A latest study has revealed that, the crust of mars is not as dense as previously thought and a lower density likely means that at least part of the Red Planet’s crust is relatively porous.
The findings, published in the journal Geophysical Research Letters, provide researchers clue that could help them better understand the interior structure and evolution of Mars.
The researchers mapped the density of the “Martian crust”, estimating the average density is 2,582 kilograms per meter cubed (about 161 pounds per cubic foot).
That’s comparable to the average density of the “lunar crust”.
Typically, Mars’ crust has been considered at least as dense as Earth’s oceanic crust, which is about 2,900 kilograms per meter cubed (about 181 pounds per cubic foot).
The new value is derived from Mars’ gravity field, a global model that can be extracted from satellite tracking data using sophisticated mathematical tools.
The gravity field for Earth is extremely detailed, because the data sets have very high resolution.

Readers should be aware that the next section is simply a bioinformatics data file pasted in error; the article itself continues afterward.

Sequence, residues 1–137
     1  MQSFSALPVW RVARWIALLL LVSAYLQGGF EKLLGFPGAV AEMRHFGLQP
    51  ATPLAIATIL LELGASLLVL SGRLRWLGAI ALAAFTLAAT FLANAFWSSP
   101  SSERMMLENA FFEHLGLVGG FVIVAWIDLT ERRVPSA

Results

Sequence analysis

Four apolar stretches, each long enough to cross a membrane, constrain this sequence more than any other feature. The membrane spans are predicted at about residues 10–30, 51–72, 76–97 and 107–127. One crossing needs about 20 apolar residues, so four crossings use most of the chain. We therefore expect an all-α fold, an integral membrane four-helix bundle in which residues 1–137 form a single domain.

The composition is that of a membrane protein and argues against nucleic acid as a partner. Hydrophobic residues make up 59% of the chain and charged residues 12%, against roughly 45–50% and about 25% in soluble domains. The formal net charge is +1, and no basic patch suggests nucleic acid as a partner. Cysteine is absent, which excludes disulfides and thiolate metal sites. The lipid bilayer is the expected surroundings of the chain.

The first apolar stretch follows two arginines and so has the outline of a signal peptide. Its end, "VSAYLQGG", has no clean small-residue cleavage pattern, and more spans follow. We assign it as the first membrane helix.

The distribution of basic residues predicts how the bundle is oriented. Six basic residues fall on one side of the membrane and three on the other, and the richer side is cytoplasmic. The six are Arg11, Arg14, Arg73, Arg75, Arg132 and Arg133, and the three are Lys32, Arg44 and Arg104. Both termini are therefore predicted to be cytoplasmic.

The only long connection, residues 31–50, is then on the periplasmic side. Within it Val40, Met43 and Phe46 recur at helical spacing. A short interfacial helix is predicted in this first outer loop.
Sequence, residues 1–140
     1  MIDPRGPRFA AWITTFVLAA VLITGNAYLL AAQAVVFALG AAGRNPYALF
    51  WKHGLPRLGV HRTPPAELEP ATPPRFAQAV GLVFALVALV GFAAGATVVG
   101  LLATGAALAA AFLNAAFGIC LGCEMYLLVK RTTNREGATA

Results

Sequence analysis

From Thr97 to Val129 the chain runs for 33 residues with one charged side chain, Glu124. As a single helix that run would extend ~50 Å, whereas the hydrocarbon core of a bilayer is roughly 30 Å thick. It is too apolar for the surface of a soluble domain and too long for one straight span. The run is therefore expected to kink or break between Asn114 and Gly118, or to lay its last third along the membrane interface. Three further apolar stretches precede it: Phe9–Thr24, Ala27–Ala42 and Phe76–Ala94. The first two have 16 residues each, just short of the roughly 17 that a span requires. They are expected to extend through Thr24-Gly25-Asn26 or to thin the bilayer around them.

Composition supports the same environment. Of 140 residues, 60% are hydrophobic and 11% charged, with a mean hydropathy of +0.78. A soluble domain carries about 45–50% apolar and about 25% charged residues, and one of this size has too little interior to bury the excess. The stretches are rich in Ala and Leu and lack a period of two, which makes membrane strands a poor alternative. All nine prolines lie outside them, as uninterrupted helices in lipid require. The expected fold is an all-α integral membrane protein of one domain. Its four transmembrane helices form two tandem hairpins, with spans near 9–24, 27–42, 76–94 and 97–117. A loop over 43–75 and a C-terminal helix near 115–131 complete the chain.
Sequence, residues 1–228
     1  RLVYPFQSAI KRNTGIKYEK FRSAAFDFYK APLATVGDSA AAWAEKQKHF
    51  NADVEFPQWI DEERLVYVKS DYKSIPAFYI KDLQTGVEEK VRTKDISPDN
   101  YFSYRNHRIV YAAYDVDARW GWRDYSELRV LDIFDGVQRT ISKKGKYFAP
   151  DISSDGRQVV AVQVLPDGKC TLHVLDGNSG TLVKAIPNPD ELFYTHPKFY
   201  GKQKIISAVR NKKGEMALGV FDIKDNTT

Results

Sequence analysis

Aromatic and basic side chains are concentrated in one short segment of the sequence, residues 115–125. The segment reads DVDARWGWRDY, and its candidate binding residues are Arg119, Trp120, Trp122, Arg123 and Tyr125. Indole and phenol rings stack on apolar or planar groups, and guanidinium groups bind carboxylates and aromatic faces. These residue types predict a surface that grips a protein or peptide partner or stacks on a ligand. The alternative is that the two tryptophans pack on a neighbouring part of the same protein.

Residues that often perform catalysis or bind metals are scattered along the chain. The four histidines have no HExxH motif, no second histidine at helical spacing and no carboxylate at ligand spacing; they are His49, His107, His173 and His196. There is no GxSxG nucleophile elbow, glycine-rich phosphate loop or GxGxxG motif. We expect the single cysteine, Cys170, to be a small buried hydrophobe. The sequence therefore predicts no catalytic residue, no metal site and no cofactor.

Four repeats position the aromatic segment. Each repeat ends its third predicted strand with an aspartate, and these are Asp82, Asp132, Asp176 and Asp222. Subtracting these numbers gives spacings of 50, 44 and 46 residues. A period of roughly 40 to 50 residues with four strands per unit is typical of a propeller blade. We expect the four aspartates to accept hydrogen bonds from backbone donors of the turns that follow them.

Recent studies of the Moon by NASA’s Gravity Recovery and Interior Laboratory, or GRAIL, mission also yielded a precise gravity map.
The data sets for Mars don’t have as much resolution, so it’s more difficult to pin down the density of the crust from current gravity maps.
As a result, previous estimates relied more heavily on studies of the composition of Mars’ soil and rocks.
“As this story comes together, we’re coming to the conclusion that it’s not enough just to know the composition of the rocks,” study co-author Greg Neumann, a planetary geologist at Goddard, said.
“We also need to know how the rocks have been reworked over time,” Neumann said.